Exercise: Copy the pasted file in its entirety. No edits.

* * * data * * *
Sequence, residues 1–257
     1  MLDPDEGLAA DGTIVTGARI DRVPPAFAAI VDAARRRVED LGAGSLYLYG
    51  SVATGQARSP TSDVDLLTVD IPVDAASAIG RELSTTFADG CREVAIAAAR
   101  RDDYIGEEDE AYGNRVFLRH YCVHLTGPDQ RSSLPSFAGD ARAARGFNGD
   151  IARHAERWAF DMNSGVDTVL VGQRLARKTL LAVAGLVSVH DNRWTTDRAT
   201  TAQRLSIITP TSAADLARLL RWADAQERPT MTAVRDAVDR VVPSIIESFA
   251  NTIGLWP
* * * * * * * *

Sequence, residues 1–257
     1  MLDPDEGLAA DGTIVTGARI DRVPPAFAAI VDAARRRVED LGAGSLYLYG
    51  SVATGQARSP TSDVDLLTVD IPVDAASAIG RELSTTFADG CREVAIAAAR
   101  RDDYIGEEDE AYGNRVFLRH YCVHLTGPDQ RSSLPSFAGD ARAARGFNGD
   151  IARHAERWAF DMNSGVDTVL VGQRLARKTL LAVAGLVSVH DNRWTTDRAT
   201  TAQRLSIITP TSAADLARLL RWADAQERPT MTAVRDAVDR VVPSIIESFA
   251  NTIGLWP